“We all make mistakes. This was not a blameworthy one. But the Act does not provide shelter for mistakes, only for reasonable excuses.” (Garnmoss Ltd v. HMRC [2012] UKFTT 315 (TC), §12).
 

Reasonable excuse not the same as mistake

Scope of reasonable mistake depends on legislative purpose

 

"[78]... However, we have concluded on balance that it would be unduly restrictive to determine that a belief as to procedural invalidity could never be a reasonable excuse in respect of a penalty for non-payment of the APN. In our opinion, there is a difference between substantive invalidity and procedural invalidity, because in relation to procedural invalidity the policy considerations considered in Beadle and in other cases cannot simply be assumed to apply in undiluted form. Where the taxpayer’s belief is essentially that what purports to be on its face an APN is not an APN at all, because it does not satisfy the statutory conditions, the policy considerations driving the APN code are necessarily less persuasive in determining the objective reasonableness of that belief."(Sheiling Properties Limited v. HMRC [2020] UKUT 175 (TCC), Trower J and Judge Thomas Scott)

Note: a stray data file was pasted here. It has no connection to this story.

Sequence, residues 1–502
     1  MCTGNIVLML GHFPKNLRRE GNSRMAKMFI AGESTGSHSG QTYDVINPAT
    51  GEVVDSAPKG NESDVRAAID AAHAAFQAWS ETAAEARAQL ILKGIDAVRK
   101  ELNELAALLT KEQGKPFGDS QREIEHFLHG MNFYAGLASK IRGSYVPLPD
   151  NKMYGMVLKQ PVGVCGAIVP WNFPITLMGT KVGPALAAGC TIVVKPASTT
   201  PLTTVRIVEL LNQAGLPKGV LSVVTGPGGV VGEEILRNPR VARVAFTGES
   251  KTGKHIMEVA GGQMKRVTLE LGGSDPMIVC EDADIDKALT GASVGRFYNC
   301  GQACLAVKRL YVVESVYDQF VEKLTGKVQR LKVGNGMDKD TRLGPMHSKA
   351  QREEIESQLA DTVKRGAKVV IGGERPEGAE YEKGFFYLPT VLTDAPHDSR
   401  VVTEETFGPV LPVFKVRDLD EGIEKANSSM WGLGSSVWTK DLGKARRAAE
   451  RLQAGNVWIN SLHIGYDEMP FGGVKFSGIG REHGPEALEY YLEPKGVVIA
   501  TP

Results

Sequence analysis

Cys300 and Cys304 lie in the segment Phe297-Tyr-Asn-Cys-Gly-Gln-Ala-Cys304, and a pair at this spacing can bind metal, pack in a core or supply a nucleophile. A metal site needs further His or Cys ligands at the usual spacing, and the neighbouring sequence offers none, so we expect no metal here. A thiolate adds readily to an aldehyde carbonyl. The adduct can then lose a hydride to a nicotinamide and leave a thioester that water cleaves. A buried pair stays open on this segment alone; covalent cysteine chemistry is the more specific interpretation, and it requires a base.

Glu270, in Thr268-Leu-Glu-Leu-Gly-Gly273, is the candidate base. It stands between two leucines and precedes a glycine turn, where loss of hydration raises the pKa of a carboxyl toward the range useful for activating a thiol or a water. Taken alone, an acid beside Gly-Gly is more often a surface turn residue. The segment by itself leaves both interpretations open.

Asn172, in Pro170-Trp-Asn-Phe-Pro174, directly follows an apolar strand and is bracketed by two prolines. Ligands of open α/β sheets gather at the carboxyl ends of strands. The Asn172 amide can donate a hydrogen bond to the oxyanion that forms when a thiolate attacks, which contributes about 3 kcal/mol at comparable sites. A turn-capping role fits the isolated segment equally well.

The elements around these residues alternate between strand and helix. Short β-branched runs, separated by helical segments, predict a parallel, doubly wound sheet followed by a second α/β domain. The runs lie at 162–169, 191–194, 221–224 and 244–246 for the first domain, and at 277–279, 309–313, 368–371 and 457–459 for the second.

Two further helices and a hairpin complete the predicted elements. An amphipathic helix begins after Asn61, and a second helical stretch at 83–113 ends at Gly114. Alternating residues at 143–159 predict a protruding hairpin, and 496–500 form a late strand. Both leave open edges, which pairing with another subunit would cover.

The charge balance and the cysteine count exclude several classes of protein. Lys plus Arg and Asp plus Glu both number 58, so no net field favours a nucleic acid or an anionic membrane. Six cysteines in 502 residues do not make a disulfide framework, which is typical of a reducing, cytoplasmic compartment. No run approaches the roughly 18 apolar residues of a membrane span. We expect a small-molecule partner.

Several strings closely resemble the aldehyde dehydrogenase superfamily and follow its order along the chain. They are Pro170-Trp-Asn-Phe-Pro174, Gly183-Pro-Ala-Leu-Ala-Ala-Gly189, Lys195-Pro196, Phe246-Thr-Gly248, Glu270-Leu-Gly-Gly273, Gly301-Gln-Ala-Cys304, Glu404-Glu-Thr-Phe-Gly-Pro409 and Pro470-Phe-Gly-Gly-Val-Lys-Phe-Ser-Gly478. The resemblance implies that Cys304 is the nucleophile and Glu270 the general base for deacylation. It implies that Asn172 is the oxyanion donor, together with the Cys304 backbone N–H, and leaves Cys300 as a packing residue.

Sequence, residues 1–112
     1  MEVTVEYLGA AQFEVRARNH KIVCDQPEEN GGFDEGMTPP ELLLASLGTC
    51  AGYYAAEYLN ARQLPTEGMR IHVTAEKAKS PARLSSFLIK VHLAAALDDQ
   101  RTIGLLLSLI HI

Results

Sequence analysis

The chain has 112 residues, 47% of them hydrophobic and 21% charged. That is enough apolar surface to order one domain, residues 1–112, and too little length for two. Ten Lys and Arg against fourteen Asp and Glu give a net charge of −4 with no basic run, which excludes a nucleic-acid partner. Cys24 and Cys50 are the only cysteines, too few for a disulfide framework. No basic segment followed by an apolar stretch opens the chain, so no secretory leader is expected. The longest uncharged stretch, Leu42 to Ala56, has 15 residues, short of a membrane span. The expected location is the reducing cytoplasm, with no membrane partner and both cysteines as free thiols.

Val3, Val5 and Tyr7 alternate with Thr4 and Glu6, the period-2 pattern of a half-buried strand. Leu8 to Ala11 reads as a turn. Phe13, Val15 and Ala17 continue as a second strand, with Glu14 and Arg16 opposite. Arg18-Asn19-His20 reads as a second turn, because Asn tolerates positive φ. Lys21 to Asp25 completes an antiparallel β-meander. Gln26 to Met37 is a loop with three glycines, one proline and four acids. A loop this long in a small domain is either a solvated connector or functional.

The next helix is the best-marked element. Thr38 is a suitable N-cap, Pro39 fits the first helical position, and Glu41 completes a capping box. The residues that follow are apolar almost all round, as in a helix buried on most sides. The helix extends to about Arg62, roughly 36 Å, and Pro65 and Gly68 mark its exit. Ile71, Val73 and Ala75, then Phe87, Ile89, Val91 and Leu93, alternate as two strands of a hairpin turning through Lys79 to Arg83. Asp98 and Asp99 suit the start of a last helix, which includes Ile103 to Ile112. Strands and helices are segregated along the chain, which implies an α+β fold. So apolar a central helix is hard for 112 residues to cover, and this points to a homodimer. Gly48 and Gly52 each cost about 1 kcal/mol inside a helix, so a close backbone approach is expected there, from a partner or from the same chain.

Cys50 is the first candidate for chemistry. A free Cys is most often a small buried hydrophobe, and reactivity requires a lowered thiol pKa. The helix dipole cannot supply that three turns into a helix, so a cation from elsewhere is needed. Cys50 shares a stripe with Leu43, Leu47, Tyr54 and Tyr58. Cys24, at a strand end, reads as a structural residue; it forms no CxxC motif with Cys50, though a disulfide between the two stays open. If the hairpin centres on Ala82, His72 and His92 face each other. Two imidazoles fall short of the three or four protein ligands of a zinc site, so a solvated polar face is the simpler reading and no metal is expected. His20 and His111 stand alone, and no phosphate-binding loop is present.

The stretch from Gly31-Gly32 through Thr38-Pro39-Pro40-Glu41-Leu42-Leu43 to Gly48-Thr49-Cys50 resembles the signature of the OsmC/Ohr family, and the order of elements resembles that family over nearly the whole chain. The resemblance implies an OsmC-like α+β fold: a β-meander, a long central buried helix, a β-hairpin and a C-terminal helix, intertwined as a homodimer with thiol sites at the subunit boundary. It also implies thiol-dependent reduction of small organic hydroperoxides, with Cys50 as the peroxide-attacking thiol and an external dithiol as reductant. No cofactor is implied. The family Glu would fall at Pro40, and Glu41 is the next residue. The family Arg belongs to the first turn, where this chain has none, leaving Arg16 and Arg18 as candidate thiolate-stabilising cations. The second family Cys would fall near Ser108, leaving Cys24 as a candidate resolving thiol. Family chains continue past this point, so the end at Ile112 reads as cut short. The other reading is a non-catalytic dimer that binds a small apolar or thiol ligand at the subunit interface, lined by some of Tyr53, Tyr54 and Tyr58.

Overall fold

Scope of reasonable mistake depends on legislative purpose

Reasonable excuse must continue until default/omission ends

 

"[50]  We consider that, on receipt of that letter, Mr Baron became aware of the potential for HICBC to apply to him. The terms of the paragraph set out above are very clear. In our view, it was not objectively reasonable for Mr Baron to take no further action other than speaking to his partner at this stage. His first action to remedy the issue was not taken until after the June letter.

[51]  As a result, we find that Mr Baron did not take action to remedy the failure without unreasonable delay and therefore we cannot find that he had a reasonable excuse for the failure to notify." (Baron v. HMRC [2024] UKFTT 102 (TC), Judge McGregor)

“It is well-established and clear from the wording of this provision that the Tribunal must consider whether there was a reasonable excuse for the entire time that the taxpayer failed to do what was required of him to be done.” (Bryne v. HMRC [2017] UKFTT 144 (TC), §48, Judge Mosedale).
 

Reasonable excuse must continue until default/omission ends

Successive reasonable excuses

 

“…however, we accept that s 118 should be treated as encompassing successive reasonable excuses as that is consistent with Parliament’s intention to relieve a taxpayer of liability where he acted reasonably.” (Bryne v. HMRC [2017] UKFTT 144 (TC), §51, Judge Mosedale).

Successive reasonable excuses

Ignorance of the law

Depends on the circumstances